The worst part about it was, nobody was contradicting him. Not even my girls, who came from better-educated families than the school we had performed the skits. Being a good wife, cooking meals and raising children was these girls’ mission, and it had been beaten into their skulls, by tradition and culture. How could I possibly think I was going to change all of that? What weapons did I have in my drawing board? Who was I, to think that I could cut down centuries of old beliefs and re-plant new ideas in their wake?

Although it has been my experience that working in the developing world is often like taking one step forward and two backward, I’ve realized that the one thing we can create for all women is, you guessed it, opportunity. As long as women have the chance to become educated, start businesses and pursue careers, they can break the endemic chains of cultural servitude that have kept them bound from the liberties that all women should be afforded in the 21st century. Of course, to some degree this has to happen organically and by leaders within these countries, but that doesn’t mean that we can’t help.

And so that’s why I can’t, and won’t quit, trying to give people in developing countries, especially women and children, the opportunities that are their rights. That’s why Half the Sky has re-invigorated my passion and desire for a more just world for our fellow didi’s everywhere. And that’s why, I will never, ever look at my life and think that I’m having a “bad day.”


*Design for Change is an initiative developed by Kiran Bir Sethi, a native of India. The program aims to allow children to express their own ideas for a better world and put them into action. The winners that are selected receive funding for their schools.

Half the Sky + Anchal


If you happened to miss last night’s premiere of Half the Sky, you have a second chance to catch part 2 tonight at 9 p.m. on PBS.

Half the Sky:Turning Oppression into Opportunity for Women Worldwide was inspired by the book written by NY Times reporters, Nicholas Kristof & Sheryl WuDunn. Half the Sky was filmed in 10 countries and follows Kristof, WuDunn, and celebrity activists America Ferrera, Diane Lane, Eva Mendes, Meg Ryan, Gabrielle Union, and Olivia Wilde on a journey to tell the stories of inspiring, courageous individuals. Across the globe oppression is being confronted, and real meaningful solutions are being fashioned through health care, education, and economic empowerment for women and girls. The linked problems of sex trafficking and forced prostitution, gender-based violence, and maternal mortality — which needlessly claim one woman every 90 seconds — present to us the single most vital opportunity of our time: the opportunity to make a change. All over the world women are seizing this opportunity.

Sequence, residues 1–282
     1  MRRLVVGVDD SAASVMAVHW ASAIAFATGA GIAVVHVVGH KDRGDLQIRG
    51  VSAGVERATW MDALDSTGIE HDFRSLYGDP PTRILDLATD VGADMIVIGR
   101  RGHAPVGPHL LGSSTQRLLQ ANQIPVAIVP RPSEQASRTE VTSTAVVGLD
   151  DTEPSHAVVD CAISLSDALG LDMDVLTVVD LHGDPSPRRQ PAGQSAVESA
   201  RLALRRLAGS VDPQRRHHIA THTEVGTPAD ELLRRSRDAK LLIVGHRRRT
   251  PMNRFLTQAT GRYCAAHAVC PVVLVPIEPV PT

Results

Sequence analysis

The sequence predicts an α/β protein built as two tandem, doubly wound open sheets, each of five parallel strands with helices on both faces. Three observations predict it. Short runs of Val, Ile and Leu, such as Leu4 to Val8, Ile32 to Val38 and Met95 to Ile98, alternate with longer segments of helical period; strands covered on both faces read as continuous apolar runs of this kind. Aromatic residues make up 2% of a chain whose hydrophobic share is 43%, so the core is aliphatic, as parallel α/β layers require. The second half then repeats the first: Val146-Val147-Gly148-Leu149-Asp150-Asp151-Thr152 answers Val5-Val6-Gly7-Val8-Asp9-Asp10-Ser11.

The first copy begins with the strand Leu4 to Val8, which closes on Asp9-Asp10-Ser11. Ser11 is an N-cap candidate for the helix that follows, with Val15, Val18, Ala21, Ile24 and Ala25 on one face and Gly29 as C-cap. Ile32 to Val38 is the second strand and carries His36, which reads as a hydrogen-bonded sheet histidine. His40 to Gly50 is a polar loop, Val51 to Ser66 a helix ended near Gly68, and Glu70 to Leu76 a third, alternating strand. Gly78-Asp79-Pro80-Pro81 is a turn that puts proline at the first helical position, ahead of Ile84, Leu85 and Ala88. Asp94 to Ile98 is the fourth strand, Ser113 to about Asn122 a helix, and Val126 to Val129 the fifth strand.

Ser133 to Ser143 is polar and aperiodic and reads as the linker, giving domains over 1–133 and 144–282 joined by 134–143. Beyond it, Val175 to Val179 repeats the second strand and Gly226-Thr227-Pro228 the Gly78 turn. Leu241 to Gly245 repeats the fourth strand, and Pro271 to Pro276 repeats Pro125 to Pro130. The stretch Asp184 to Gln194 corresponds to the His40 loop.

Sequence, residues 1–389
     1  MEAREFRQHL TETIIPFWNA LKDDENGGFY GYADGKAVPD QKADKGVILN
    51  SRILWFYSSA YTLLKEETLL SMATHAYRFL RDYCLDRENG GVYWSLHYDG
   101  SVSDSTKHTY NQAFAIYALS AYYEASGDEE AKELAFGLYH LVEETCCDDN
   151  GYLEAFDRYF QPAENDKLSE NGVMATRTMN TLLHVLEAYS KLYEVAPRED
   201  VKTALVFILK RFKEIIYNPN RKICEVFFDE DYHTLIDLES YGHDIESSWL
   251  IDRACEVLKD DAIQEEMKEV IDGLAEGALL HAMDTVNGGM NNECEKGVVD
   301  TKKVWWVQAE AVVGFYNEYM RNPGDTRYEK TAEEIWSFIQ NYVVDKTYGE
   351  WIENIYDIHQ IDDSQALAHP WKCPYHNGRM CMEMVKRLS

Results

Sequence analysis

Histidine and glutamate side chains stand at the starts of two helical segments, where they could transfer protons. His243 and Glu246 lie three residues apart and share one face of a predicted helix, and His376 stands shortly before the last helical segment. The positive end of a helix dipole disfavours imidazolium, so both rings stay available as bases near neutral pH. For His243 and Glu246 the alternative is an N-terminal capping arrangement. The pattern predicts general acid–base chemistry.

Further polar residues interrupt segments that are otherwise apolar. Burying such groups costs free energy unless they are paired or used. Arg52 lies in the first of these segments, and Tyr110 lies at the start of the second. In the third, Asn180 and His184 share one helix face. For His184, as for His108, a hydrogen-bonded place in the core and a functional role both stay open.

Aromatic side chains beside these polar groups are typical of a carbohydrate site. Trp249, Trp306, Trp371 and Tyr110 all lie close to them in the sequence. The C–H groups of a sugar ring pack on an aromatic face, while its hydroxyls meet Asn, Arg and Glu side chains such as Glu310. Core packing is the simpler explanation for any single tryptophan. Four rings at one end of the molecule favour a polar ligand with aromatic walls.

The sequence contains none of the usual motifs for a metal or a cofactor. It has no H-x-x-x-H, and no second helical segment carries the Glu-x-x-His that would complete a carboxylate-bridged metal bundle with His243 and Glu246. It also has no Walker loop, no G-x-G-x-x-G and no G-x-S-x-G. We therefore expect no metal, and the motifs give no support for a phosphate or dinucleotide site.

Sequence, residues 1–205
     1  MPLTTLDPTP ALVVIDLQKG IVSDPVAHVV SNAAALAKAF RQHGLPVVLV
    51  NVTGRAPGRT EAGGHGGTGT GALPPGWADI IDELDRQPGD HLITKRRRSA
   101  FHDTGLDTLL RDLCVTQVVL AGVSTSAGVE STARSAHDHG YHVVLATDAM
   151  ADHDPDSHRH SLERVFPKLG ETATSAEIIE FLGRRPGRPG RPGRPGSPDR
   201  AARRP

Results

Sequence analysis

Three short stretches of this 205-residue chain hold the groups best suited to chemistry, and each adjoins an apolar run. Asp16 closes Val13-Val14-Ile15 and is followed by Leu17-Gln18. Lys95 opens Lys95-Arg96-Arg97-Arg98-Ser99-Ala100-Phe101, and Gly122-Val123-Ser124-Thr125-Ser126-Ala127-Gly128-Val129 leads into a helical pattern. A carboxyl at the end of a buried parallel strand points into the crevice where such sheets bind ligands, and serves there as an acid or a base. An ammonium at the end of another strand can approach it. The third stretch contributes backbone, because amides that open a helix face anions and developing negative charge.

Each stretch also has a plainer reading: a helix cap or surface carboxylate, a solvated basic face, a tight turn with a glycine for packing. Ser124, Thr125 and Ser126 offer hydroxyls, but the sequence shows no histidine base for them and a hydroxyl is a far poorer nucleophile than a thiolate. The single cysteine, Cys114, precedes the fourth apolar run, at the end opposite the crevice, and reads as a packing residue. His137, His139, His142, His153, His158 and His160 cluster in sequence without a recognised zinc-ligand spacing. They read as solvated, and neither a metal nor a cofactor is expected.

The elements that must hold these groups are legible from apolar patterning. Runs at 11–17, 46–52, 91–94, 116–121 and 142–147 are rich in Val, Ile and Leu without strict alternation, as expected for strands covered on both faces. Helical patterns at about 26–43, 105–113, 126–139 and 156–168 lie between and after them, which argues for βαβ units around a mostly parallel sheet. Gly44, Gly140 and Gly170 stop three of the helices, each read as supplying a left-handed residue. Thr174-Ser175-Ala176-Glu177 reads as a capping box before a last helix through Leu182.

Anchal artisans stitching with America Ferrera & New Light’s Urmi Basu during the filming of Half the Sky

Where does Anchal fit into this global movement?  This evening’s screening is especially important to Anchal because our partner New Light and Director, Urmi Basu are highlighted in tonight’s film. America Ferrera met the New Light family and Anchal’s artisan during the filming last year.

It wasn’t long before Ferrera was sitting on the ground with Anchal’s artisans participating in our program and admiring their designs and their amazing strength to create change. She felt so inspired she offered to partner with us on the Didi Connection.

America said this about her experience:
“New Light and Anchal work hand-in hand: New Light saves the innocence of the children and Anchal restores the safety and dignity of their mothers. While working with New Light during the filming of Half the Sky, I was very inspired by Anchal’s program that provides creative jobs to support women out of the sex trade. I felt compelled to partner with them on the Didi Connection.”

Watch this clip from America’s time in India. This is the life of our artisans, where they live, and our amazing partner New Light. So do not miss seeing Half the Sky tonight at 9pm on PBS! And keep your eyes peeled for our friends Urmi Basu, America Ferrera, and Anchal’s artisans. We can not wait!

Half the Sky Press Tour with Anchal’s Partner


The Anchal team is extremely excited about the upcoming PBS Half the Sky documentary that premieres on October 1st and 2nd. Not only will it be a powerful film about women and children’s oppression around the world but it also features our partner New Light and Executive Director, Urmi Basu.

Recently, a group from the film met with the press to promote the film and to speak about their experiences. The team from the film included Meg Ryan, Diane Lane, Nicholas Kristof, Sheryl WuDunn, America Ferrea, and Urmi Basu. Our friend America shared this about her experiences at New Light.

“I walked away remembering to keep my eyes open and my heart open to the possibility that I might one day come across a certain need that I could meet and remember that a hero like Urmi changed hundreds of children’s’ lives by deciding to say yes instead of no.”

If you have not yet visited Half the Sky Movement’s website or watched the trailer, do yourself a favor and take a look now. The website truly sheds light on the experiences our artisans face daily.

Be sure to stay tuned. We will be sharing Anchal’s plans to celebrate the film’s debut very soon.